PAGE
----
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A photo from Project 19: The Locket. We've attached the complete locket project as an excerpt at the end of this interview.

RG: What kinds of things do you think about as far as your legacy as a jeweler and a teacher?

AR: I had a dream, a long time ago, when I was just getting into this, and I kept this dream alive forever. The dream was that I was the last goldsmith. I never really knew what it meant. I knew these people who came before me, who taught me, were far greater masters at the art than I am, but they taught me, and I can be the bridge. I learned the old skills and have the tools so I can pass them on in a modern way. I feel very fortunate. You know, jewelry making is thousands of years old, and for the most part, we've been doing it the same way for all this time. Certainly for at least the past four centuries jewelers have largely used the same tools. When you think of the other trades that have such a far reach into history, none of them has survived intact, but goldsmithing has survived. Now something different is happening. We are at a crossroads of sorts, and I feel passionate about ensuring that the old ways are not lost. I feel fortunate to play my part as a bridge to the masters of the past.

To be able to share this info, pass it along, and keep it alive is very rewarding — far more rewarding than the dollars.

RG: What advice would you give to a novice who wants to become a professional jeweler?

AR: More than advice, what I have is encouragement. Unlike any other career I can think of, jewelry is something that, on your own, you can become a master of. You can't learn to fly an airplane on your own. You can't teach yourself how to be a dentist or an engineer or a dancer on your own. But with goldsmithing you can really teach yourself if you have the right book. If you take the time, you can learn these techniques from Professional Jewelry Making.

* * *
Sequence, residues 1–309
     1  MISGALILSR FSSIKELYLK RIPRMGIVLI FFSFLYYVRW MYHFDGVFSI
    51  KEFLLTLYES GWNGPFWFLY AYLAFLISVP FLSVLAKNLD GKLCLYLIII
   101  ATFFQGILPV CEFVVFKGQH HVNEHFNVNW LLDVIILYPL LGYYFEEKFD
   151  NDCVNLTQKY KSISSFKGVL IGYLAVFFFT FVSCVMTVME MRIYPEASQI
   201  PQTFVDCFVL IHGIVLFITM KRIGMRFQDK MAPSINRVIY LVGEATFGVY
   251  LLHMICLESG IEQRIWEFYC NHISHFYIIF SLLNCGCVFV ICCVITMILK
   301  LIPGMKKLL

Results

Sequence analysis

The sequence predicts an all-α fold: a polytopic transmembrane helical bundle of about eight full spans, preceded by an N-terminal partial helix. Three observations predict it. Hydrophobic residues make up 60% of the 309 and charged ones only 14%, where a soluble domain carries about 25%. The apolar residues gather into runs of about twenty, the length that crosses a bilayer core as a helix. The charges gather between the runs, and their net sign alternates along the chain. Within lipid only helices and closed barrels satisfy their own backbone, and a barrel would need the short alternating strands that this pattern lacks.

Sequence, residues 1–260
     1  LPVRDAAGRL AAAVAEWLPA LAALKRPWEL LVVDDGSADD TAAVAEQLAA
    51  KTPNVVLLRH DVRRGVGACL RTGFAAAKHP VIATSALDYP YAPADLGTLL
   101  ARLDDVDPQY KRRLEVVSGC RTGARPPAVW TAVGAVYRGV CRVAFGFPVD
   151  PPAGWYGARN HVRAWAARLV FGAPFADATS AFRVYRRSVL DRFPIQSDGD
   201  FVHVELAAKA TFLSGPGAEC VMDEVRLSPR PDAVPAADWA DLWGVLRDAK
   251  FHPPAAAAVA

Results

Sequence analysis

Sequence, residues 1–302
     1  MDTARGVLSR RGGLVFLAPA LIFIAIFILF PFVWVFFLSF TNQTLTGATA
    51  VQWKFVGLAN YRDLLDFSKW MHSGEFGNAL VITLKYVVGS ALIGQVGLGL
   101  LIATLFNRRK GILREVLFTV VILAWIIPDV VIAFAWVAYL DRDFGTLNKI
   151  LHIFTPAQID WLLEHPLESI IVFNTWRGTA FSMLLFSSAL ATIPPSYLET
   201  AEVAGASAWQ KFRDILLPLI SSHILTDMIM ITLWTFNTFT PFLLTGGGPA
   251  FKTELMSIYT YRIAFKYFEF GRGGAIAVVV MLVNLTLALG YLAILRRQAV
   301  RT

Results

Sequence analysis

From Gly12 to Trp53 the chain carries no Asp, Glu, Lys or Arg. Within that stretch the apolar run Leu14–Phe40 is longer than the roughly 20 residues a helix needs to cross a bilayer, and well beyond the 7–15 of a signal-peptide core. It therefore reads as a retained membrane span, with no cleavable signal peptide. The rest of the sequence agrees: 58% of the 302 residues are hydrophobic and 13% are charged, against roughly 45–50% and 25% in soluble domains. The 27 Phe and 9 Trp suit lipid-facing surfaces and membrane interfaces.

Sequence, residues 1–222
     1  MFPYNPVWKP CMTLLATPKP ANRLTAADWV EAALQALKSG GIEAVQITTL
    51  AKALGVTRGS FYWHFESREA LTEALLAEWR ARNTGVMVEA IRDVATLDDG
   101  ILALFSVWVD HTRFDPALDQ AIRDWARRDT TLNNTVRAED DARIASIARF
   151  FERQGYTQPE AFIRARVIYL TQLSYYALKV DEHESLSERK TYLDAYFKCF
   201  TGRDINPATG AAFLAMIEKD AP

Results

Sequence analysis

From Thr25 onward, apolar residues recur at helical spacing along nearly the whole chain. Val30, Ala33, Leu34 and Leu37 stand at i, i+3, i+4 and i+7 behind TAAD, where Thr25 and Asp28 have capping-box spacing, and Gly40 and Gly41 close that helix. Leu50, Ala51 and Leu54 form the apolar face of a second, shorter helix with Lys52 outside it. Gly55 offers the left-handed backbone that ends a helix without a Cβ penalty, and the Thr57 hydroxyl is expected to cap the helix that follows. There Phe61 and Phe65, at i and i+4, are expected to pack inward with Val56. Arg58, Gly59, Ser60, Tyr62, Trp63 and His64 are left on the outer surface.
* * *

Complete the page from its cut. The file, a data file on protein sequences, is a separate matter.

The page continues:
A few years ago a woman wrote me a letter after she used my first book, Professional Goldsmithing, to teach herself to make jewelry. She's in the northernmost town in Canada. She's four hours from the nearest city. She spent the winter making projects from the book. She made every one of them. And they were great! And that would be my encouragement to the novice jeweler. If you want to do it, you can do it! It's all there. It's clear. I've taught this to thousands of people. I know what steps to give in what order, what to emphasize, what new material to give. The book is a textbook to take you from start to finish. If you can do the projects in the book, you are a professional. No doubt about it.

And what a great opportunity it is for anyone to make jewelry. Jewelry is permanent, and it's so universal. How often in our lifetime do we have the chance to make something special that lasts forever?

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Alan Revere holds a unique position in the jewelry community, with one foot firmly planted as a master goldsmith and award-winning designer and the other as one of the country's most prominent jewelry educators. He is past president of the American Jewelry Design Council and founder of the Contemporary Jewelry Design Group. In addition to designing and selling thousands of pieces of jewelry, Mr. Revere has created instructional books, articles and videos for jewelry makers. It is no wonder that Alan Revere has been called, "A master's master."